9. Apparatus according to claim 8 further comprising a range gate sample and hold network to receive the output of the video amplifier, a filter to receive the output of the range gate sample and hold network and attenuating unwanted frequencies in the return waveform, an audio amplifier receiving the filter output, and a detection circuit receiving the output of the audio amplifier.
10. Apparatus according to claim 9, further comprising a microprocessor receiving the output of the detection circuit and delivering an output signal representative of the range of the fluent material surface below the aerials.
11. Apparatus according to claim 10 further comprising timing circuits coupled to the microprocessor and delivering outputs to the PIN modulator and the range gate sample and hold network.
12. Apparatus according to claim 8 wherein a coupler picks up a small sample of the radiated signal in the vicinity of the microwave source and feeds it to the mixer crystal.
US06266869 1980-05-29 1981-05-26 Level gauging systems Expired - Lifetime US4425793A (en)

Priority Applications (2)

Application Number Priority Date Filing Date Title
GB8017506A GB2077545B (en) 1980-05-29 1980-05-29 Level gauging systems using microwave radiation
GB8017506 1980-05-29

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US4425793A true US4425793A (en) 1984-01-17

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US06266869 Expired - Lifetime US4425793A (en) 1980-05-29 1981-05-26 Level gauging systems

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US (1) US4425793A (en)
CA (1) CA1183929A (en)
DE (1) DE3121781A1 (en)
FR (1) FR2483606B1 (en)
GB (1) GB2077545B (en)

Cited By (10)

* Cited by examiner, † Cited by third party
Publication number Priority date Publication date Assignee Title
US4833918A (en) * 1986-09-24 1989-05-30 Cannonbear, Inc. Sensor and method for ullage level and flow detection
US5321408A (en) * 1992-12-31 1994-06-14 Baker Hughes Incorporated Microwave apparatus and method for ullage measurement of agitated fluids by spectral averaging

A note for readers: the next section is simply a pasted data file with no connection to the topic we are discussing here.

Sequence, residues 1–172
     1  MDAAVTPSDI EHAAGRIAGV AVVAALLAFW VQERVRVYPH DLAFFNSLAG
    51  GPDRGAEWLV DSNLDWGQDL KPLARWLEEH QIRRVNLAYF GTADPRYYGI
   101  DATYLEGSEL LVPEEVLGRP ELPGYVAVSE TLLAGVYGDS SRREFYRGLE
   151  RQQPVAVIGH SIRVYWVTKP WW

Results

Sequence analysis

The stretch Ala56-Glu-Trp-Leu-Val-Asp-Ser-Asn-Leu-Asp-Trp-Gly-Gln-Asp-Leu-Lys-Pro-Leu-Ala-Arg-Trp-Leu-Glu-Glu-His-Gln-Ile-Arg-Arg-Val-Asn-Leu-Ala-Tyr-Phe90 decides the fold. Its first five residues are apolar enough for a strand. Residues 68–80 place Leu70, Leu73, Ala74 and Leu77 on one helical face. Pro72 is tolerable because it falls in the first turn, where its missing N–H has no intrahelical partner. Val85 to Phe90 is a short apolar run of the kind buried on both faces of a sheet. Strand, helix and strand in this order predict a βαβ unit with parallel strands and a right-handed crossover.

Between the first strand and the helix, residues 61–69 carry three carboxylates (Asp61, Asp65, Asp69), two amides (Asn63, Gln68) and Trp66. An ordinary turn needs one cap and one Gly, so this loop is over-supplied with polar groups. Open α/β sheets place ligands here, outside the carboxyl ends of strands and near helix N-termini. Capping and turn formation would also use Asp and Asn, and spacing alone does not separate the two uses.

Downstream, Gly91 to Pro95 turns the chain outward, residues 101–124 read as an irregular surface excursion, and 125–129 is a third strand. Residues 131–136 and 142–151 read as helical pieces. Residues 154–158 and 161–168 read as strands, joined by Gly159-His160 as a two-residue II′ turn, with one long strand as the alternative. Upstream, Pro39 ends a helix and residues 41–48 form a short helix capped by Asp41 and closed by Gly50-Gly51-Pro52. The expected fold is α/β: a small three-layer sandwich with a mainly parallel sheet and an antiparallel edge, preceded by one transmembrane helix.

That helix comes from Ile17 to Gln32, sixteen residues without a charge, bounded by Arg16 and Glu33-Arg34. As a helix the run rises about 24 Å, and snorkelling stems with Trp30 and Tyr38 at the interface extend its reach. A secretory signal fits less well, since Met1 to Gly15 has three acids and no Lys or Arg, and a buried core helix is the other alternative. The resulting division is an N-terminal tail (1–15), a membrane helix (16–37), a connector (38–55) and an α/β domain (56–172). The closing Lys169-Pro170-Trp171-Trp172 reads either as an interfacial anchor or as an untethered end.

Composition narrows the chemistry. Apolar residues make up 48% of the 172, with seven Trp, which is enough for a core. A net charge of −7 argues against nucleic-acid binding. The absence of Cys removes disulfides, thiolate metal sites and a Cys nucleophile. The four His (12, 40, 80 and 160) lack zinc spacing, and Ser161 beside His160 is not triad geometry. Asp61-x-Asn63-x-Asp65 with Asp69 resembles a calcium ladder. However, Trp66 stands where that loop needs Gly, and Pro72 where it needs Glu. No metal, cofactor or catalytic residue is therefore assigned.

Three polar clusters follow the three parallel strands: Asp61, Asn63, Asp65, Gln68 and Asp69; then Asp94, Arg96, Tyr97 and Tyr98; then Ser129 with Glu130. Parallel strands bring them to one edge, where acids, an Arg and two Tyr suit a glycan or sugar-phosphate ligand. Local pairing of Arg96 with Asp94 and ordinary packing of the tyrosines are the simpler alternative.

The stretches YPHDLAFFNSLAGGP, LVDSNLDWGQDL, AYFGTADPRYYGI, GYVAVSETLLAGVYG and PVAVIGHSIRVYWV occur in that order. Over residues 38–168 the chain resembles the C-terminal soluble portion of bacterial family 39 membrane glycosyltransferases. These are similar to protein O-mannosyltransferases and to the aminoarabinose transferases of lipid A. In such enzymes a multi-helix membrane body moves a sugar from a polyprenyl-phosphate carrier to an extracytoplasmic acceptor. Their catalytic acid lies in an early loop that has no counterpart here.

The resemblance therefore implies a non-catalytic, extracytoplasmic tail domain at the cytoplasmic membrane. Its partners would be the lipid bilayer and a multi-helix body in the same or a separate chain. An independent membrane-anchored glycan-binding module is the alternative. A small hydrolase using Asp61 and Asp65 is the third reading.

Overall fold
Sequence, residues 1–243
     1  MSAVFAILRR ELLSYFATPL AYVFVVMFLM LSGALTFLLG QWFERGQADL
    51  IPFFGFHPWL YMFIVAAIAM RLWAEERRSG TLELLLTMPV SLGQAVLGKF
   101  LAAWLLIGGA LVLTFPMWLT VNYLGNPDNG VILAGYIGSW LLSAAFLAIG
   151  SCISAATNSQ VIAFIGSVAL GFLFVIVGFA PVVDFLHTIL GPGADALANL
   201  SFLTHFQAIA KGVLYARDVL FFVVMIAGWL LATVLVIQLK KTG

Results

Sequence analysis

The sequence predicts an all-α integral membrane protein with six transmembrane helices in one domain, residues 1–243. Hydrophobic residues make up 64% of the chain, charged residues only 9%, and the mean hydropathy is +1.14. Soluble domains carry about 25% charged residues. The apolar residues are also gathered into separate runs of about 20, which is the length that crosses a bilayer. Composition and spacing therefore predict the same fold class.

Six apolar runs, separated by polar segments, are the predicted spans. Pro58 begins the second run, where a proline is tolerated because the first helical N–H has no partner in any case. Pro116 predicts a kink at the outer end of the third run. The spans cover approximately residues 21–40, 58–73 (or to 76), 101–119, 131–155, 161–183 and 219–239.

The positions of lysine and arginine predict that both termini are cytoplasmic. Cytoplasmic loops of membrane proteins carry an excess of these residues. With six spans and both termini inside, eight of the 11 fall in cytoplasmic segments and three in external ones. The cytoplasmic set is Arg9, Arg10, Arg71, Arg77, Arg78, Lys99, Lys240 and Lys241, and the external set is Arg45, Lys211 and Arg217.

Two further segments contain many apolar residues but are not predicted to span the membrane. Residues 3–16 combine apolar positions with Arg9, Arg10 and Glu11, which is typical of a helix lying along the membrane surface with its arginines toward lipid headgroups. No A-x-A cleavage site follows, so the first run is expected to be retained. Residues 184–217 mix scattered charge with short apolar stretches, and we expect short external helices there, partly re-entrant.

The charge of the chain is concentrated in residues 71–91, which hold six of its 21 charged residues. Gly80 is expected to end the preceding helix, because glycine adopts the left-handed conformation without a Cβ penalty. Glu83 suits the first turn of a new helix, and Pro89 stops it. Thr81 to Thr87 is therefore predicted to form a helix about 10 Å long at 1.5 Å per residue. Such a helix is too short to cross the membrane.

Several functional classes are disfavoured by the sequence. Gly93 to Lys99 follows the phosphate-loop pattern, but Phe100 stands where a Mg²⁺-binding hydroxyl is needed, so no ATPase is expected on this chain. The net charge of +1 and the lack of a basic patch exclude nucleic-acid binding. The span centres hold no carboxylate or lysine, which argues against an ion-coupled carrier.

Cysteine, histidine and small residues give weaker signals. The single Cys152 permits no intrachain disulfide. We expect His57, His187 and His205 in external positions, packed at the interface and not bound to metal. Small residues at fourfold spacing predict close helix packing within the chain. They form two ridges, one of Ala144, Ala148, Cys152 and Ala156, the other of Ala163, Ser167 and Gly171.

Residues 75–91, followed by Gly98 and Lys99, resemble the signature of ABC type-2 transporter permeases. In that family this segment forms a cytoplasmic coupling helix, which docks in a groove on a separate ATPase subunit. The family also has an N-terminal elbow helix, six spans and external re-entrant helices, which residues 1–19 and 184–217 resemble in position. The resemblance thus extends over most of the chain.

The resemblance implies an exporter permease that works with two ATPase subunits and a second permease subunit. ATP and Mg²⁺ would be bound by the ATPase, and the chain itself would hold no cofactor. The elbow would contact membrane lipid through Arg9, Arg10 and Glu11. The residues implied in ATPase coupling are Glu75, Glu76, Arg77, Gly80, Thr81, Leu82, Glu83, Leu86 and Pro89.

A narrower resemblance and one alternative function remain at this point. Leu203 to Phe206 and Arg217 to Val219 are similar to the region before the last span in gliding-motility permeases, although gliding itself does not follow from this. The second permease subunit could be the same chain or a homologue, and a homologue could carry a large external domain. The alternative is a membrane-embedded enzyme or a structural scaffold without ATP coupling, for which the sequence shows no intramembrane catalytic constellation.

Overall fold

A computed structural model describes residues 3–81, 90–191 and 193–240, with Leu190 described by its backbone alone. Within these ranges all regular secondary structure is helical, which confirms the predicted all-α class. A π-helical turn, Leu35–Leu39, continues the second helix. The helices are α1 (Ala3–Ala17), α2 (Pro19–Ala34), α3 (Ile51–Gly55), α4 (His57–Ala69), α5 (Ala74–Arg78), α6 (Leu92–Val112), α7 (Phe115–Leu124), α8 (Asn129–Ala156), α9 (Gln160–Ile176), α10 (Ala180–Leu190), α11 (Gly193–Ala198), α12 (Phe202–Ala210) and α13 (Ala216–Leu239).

US5365178A (en) * 1991-02-12 1994-11-15 Krohne Messtechnik Gmbh & Co. Kg Electrical device for liquid level measurements in industrial tanks and the like
US5406842A (en) * 1993-10-07 1995-04-18 Motorola, Inc. Method and apparatus for material level measurement using stepped frequency microwave signals
US5611239A (en) * 1994-09-21 1997-03-18 Magnetrol International Inc. Microwave point instrument with self-test circuit
US5847567A (en) * 1994-09-30 1998-12-08 Rosemount Inc. Microwave level gauge with remote transducer
US6373261B1 (en) 1995-06-07 2002-04-16 Rosemount Inc. Two-wire level transmitter
US6644114B1 (en) 1999-12-30 2003-11-11 Mcewan Technologies, Llc Direct PWM reflectometer
US20070182621A1 (en) * 2005-11-30 2007-08-09 Josef Fehrenbach Reference pulse generation
US20140253367A1 (en) * 2011-10-12 2014-09-11 Endress + Hauser Gmbh + Co. Kg Circuit Arrangement

Families Citing this family (4)

* Cited by examiner, † Cited by third party
Publication number Priority date Publication date Assignee Title
DE4327333C2 (en) * 1993-08-15 1996-08-08 Krohne Messtechnik Kg A method for measuring the level of a liquid in a container according to the radar principle
WO1998004930A1 (en) * 1996-07-26 1998-02-05 The Whitaker Corporation Low cost - high resolution radar for commercial and industrial applications